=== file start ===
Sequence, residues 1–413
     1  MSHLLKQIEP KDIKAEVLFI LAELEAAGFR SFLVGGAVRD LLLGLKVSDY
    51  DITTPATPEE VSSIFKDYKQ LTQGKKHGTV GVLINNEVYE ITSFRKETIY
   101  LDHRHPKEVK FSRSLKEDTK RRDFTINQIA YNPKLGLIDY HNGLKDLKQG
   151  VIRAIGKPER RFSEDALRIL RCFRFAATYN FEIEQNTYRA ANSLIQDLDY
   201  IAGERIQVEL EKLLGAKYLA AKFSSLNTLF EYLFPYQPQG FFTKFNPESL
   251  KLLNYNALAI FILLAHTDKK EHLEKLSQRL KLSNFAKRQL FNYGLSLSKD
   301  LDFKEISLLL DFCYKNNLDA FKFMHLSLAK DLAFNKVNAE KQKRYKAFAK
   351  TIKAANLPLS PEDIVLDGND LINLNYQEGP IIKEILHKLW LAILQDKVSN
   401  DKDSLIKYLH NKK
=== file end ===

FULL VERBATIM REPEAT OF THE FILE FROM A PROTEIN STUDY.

Sequence, residues 1–413
     1  MSHLLKQIEP KDIKAEVLFI LAELEAAGFR SFLVGGAVRD LLLGLKVSDY
    51  DITTPATPEE VSSIFKDYKQ LTQGKKHGTV GVLINNEVYE ITSFRKETIY
   101  LDHRHPKEVK FSRSLKEDTK RRDFTINQIA YNPKLGLIDY HNGLKDLKQG
   151  VIRAIGKPER RFSEDALRIL RCFRFAATYN FEIEQNTYRA ANSLIQDLDY
   201  IAGERIQVEL EKLLGAKYLA AKFSSLNTLF EYLFPYQPQG FFTKFNPESL
   251  KLLNYNALAI FILLAHTDKK EHLEKLSQRL KLSNFAKRQL FNYGLSLSKD
   301  LDFKEISLLL DFCYKNNLDA FKFMHLSLAK DLAFNKVNAE KQKRYKAFAK
   351  TIKAANLPLS PEDIVLDGND LINLNYQEGP IIKEILHKLW LAILQDKVSN
   401  DKDSLIKYLH NKK